Netflix is about to move from playing, or streaming, the content of others to becoming a player in the content industry itself. According to a report in Deadline Hollywood
, the company is on the verge of finalizing a deal for a new drama series produced by and starring Kevin Spacey called "House of Cards," for as much as $100 million. The director would be David Fincher, whom you might recognize from a certain movie called "The Social Network."
The deal hasn't been finalized yet, according to the report, but Netflix has reportedly already outbid a number of rivals, including several major cable networks, such as HBO and AMC. Cable only series seem to run around 13 episodes or so per season, and the report states this series is no different. What is different is that Netflix has already signed for two seasons, or 26 episodes.
Although Deadline Hollywood's source was pretty clear about the terms of the deal, a later report by the New York Times said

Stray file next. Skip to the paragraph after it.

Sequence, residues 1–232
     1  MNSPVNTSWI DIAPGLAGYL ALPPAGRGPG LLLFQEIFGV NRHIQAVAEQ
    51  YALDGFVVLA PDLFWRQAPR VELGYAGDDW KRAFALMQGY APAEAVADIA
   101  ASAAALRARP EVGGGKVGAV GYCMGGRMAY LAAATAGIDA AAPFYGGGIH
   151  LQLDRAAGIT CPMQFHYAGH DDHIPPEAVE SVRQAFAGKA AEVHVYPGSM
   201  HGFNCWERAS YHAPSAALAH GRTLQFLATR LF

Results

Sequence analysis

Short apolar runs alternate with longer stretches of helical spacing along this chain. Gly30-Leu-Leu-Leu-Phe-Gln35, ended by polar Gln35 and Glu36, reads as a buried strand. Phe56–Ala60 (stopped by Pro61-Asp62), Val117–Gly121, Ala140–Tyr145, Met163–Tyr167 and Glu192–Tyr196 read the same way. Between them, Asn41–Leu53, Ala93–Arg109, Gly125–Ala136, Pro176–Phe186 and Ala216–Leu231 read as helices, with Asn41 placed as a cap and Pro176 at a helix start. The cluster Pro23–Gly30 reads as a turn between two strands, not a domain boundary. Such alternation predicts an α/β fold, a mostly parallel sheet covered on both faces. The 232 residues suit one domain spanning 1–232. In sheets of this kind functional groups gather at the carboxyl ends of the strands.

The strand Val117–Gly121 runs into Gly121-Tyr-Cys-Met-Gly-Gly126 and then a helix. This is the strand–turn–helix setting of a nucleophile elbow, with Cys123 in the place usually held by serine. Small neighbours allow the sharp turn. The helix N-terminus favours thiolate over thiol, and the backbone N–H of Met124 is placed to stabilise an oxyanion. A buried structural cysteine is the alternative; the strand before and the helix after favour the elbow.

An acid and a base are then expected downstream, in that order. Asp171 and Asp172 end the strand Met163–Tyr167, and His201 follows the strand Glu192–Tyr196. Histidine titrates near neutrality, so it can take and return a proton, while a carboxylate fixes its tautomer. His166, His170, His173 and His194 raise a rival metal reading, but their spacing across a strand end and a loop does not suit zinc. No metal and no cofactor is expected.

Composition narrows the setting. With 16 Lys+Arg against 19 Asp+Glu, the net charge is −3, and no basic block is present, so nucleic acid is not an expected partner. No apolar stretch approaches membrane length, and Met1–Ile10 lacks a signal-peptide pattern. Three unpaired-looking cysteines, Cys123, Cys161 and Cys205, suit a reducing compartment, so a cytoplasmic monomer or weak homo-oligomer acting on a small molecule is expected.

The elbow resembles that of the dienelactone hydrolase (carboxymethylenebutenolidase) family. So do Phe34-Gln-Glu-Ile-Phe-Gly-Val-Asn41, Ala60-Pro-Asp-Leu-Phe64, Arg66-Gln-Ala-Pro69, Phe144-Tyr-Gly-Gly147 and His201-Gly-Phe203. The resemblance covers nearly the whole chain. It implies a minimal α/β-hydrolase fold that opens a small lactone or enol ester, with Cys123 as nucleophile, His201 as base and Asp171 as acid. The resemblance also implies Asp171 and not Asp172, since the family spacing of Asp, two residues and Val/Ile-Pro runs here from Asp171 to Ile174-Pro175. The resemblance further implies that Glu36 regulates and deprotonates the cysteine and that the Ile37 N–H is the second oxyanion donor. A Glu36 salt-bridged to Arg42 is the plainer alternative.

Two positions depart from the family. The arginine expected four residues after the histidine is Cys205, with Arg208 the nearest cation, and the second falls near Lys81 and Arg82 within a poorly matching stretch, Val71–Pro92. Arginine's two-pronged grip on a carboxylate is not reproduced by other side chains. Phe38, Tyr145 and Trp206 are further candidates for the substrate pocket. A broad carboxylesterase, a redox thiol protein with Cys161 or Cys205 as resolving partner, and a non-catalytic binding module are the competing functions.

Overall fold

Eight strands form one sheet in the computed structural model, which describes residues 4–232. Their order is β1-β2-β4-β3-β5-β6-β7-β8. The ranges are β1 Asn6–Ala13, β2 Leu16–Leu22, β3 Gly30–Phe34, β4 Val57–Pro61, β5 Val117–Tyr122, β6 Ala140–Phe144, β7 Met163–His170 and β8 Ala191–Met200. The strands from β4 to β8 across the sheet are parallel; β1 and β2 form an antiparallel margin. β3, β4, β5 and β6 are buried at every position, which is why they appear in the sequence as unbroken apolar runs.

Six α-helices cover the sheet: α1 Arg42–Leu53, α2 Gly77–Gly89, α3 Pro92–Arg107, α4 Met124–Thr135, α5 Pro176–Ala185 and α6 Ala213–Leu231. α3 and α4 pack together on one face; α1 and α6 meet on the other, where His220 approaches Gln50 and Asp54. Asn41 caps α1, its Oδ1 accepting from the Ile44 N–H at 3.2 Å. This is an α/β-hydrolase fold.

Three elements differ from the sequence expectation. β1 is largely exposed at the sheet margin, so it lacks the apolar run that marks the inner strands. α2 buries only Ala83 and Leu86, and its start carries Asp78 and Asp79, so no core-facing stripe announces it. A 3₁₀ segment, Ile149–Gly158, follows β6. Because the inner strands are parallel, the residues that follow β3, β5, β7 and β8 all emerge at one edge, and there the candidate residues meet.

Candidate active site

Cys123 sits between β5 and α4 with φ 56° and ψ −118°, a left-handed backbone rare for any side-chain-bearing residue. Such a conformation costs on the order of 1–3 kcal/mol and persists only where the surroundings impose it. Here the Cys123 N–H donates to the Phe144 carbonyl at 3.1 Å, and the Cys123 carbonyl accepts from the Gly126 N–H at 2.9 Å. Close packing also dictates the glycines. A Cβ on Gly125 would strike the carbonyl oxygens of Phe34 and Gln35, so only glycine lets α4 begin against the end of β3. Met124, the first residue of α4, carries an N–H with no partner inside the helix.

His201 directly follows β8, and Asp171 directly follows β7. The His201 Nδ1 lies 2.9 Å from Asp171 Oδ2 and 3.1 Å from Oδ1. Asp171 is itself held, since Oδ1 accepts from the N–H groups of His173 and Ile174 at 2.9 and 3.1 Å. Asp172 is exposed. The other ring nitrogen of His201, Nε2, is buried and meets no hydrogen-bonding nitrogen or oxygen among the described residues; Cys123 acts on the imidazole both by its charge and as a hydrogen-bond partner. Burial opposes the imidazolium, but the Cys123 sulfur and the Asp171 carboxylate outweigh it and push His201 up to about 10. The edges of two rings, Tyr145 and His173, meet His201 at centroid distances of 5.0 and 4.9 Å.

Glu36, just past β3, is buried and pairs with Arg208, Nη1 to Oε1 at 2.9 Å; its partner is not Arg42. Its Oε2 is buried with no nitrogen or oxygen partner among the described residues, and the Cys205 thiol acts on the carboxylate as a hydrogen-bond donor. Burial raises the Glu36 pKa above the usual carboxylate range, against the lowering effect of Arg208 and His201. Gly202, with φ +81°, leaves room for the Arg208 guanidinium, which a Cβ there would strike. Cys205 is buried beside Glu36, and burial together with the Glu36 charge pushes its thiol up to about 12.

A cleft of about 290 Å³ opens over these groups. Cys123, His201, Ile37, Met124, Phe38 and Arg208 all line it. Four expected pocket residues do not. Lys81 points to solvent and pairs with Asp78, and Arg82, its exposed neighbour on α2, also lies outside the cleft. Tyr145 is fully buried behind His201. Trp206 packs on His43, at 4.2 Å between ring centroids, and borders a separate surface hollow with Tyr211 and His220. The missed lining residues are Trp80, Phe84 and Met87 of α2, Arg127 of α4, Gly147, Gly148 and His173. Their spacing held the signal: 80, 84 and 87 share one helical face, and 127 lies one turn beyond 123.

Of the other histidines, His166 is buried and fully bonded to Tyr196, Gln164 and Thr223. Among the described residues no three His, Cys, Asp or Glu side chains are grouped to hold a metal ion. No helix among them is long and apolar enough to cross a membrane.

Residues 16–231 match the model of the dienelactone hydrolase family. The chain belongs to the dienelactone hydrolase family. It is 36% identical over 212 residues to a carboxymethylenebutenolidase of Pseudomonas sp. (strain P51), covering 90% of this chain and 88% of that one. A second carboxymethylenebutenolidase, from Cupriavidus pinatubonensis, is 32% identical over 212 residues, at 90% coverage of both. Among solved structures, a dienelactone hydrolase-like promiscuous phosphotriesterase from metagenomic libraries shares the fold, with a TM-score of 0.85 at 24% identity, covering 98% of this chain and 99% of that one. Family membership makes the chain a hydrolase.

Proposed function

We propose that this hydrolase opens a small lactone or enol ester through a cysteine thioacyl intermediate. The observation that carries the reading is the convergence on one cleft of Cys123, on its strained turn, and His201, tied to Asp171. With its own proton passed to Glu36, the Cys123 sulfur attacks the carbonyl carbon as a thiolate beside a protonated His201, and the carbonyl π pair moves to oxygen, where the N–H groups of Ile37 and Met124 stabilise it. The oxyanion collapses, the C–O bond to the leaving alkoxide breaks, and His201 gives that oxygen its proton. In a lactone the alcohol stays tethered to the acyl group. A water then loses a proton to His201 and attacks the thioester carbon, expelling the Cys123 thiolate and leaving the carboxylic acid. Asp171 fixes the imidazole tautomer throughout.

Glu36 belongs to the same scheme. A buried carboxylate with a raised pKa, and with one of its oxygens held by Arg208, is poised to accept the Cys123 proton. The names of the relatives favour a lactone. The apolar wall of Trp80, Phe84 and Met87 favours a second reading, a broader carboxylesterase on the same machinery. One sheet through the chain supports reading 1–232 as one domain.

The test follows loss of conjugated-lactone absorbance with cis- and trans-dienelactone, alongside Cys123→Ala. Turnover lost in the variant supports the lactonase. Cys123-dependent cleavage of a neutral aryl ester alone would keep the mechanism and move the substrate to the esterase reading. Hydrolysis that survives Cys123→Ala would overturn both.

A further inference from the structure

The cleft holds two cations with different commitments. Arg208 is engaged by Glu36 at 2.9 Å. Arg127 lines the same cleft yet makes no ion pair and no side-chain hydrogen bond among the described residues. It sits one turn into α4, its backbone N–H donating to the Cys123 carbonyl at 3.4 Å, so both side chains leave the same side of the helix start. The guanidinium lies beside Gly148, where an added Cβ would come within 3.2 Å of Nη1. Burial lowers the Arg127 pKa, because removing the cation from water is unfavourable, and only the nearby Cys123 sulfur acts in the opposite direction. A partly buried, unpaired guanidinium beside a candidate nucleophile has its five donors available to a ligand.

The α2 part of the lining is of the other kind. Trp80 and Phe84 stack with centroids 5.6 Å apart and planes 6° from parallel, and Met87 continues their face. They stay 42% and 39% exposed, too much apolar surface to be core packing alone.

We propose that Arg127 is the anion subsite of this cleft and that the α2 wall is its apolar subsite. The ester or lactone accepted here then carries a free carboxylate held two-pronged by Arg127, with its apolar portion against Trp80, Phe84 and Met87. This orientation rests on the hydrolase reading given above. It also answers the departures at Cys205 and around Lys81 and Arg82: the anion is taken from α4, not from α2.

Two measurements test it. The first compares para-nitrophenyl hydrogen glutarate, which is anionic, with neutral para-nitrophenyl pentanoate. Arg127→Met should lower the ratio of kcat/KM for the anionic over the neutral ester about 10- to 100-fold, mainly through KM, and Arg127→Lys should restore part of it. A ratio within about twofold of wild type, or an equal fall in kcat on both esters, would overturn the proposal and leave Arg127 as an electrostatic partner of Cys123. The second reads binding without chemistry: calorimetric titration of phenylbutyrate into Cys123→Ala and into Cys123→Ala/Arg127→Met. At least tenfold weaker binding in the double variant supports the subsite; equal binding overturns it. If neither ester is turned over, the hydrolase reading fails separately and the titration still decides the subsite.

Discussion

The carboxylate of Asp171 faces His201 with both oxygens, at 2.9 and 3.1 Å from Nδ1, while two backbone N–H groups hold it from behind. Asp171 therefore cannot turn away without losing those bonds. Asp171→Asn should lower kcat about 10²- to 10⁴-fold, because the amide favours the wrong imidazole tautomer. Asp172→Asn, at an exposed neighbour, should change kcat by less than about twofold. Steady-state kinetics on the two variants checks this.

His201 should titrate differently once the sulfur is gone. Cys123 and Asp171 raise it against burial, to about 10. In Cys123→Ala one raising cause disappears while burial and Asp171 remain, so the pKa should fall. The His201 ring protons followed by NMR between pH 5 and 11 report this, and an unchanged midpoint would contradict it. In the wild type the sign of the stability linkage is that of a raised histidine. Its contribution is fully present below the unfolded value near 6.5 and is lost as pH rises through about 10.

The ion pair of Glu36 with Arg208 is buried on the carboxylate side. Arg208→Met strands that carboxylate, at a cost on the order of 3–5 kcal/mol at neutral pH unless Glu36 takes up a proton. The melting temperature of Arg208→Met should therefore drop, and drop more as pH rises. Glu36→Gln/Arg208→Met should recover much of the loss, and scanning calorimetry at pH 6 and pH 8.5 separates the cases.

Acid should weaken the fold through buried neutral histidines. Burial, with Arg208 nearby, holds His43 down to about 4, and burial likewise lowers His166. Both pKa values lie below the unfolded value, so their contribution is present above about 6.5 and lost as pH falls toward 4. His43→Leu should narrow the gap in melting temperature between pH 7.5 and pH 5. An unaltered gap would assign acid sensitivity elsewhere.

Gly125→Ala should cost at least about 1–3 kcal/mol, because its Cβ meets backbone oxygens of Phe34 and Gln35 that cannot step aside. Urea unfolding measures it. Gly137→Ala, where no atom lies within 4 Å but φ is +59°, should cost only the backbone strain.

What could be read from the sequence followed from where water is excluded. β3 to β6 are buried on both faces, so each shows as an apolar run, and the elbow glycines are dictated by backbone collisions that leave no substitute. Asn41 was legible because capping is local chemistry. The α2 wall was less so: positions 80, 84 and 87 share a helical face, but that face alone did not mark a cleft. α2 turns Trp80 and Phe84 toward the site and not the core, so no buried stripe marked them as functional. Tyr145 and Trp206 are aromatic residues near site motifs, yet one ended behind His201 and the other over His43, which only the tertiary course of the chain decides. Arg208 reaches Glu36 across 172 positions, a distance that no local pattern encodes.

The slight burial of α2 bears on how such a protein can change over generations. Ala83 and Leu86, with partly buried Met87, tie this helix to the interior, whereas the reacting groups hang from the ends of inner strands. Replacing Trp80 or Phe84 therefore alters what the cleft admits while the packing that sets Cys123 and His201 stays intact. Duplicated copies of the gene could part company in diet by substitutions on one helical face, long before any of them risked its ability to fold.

An executive close to the negotiations confirmed the report that Netflix had entered the bidding for the show. There was still considerable uncertainty Tuesday about the terms of the potential deal, and a Netflix spokesman declined to comment.
The Wall Street Journal
's source, however, said the deal was likely to fall far short of the $100 million that Deadline Hollywood source stated.
Netflix currently streams about 61 percent of digital movies, according to a very recent NPD survey
, it's not going to stand still, not with rivals like Amazon.com launching their own initiatives that could have a real impact on market share. Amazon.com recently tied free video streaming of content to its Prime service; to make it really work, Amazon.com needs to add far more content, though.
Meanwhile, although Netflix does have partnerships with set-top box manufacturers such as Roku and plenty of Netflix ready TVs as well, much of the public won't be able to watch its series on a screen larger than a PC screen. That doesn't mean it won't work, however, as quite a few people have decided to cut the cord and rely on online video only.